Movers and shakers in a bingo win-win situation

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MEETINGS - don't you just hate them? Well, a new pursuit rapidly gaining favour among the downtrodden executives of Britain's leading companies is brightening up even the most boring presentation.

Bullshit Bingo, currently circulating as a samizdat e-mail around the business capitals of Europe, lists 40 key pieces of management jargon that crop up in business meetings.

Favourite phrases include "win-win situation", "client focused", "move the goalposts", "employee empowerment", "pushing the envelope", "movers and shakers" and "strategic fit". All you have to do is tick off five phrases in the meeting and then shout "bingo" to win.

The long-suffering masses at some of the UK's most prominent businesses have already caught the bug.

A recent meeting at NatWest - which is currently at the wrong end of a hostile pounds 21bn bid from Bank of Scotland - was punctuated by a cry of "bingo" as a senior director uttered the dread word "benchmarking".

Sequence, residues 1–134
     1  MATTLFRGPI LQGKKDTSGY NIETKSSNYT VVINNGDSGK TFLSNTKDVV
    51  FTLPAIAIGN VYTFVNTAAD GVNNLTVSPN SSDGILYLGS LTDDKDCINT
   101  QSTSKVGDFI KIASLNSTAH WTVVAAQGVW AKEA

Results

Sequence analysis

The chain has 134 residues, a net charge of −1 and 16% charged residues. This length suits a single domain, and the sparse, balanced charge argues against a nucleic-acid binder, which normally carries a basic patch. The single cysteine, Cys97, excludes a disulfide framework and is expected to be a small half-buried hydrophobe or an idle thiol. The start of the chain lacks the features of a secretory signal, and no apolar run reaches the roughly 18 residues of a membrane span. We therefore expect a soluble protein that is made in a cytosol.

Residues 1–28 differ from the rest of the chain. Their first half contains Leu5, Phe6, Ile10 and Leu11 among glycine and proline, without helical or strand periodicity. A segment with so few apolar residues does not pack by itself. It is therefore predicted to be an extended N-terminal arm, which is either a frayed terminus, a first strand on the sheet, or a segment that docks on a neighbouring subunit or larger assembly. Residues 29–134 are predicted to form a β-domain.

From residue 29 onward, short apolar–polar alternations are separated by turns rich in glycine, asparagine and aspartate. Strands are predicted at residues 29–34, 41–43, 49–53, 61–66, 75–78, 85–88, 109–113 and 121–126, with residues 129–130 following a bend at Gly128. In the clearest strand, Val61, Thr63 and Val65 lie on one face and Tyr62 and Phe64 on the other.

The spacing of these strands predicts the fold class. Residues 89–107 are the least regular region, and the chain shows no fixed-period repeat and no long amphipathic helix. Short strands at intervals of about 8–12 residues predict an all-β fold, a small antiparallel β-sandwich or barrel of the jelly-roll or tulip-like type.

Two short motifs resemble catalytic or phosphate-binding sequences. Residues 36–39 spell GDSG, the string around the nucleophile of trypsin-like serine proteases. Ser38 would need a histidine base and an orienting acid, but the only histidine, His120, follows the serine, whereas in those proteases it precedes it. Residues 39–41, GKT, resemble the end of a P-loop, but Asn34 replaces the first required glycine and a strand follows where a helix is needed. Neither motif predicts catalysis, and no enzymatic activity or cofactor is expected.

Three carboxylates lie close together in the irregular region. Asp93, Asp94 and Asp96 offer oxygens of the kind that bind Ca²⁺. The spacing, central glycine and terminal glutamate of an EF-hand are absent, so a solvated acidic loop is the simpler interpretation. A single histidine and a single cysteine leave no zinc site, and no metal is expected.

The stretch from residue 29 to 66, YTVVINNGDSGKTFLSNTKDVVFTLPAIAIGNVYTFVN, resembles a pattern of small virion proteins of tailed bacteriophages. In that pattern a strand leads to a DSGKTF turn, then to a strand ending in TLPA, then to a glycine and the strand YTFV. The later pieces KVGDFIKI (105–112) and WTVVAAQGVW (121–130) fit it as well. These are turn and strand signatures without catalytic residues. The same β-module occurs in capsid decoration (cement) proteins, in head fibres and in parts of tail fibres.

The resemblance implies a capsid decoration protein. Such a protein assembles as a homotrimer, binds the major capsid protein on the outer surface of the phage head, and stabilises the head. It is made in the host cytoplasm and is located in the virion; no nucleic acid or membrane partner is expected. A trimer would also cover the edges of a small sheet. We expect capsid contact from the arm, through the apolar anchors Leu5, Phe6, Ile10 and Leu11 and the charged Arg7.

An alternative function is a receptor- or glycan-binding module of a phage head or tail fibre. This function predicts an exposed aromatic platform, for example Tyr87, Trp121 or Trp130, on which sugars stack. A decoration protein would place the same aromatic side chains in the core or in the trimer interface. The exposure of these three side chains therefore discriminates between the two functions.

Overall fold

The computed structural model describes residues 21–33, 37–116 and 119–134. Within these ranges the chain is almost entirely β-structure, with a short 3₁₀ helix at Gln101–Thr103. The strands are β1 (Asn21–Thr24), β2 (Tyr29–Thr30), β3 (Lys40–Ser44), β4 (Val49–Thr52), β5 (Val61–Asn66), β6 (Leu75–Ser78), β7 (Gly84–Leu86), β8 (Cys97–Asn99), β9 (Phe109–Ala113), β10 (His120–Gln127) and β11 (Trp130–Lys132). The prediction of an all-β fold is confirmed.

A BBC strategy conference was treated to spontaneous applause during a speech by Alan Yentob. Staff had laid bets on which well-worn phrases would be used by the broadcasting boss - "emblematic" being a popular favourite - and cheered when one of their number scooped the kitty.

Our copy of Bullshit Bingo was supplied by a female executive from a world-class British exporter. "So many people use business-school cliches," she says. "One of our finance guys is particularly bad. I was recently in a meeting where half the executives were waiting to see if he could beat his own record. He took just three sentences."

We might spare some sympathy for executives forced to spend so much time engaged in an activity many of them consider valueless. A recent German management study, for example, found that 80 per cent of leading executives considered that meetings wasted time, were unprofessionally run and chaotically structured.

But the forces of conformity - and the influence of business schools and management gurus - are clearly too powerful to resist.

The jargon pilloried by Bullshit Bingo clearly reflects the desire to conform. The fact that "thinking outside the box" has become a cliche suggests that "thinking inside the box", wherever that might be, is the "mindset" many prefer.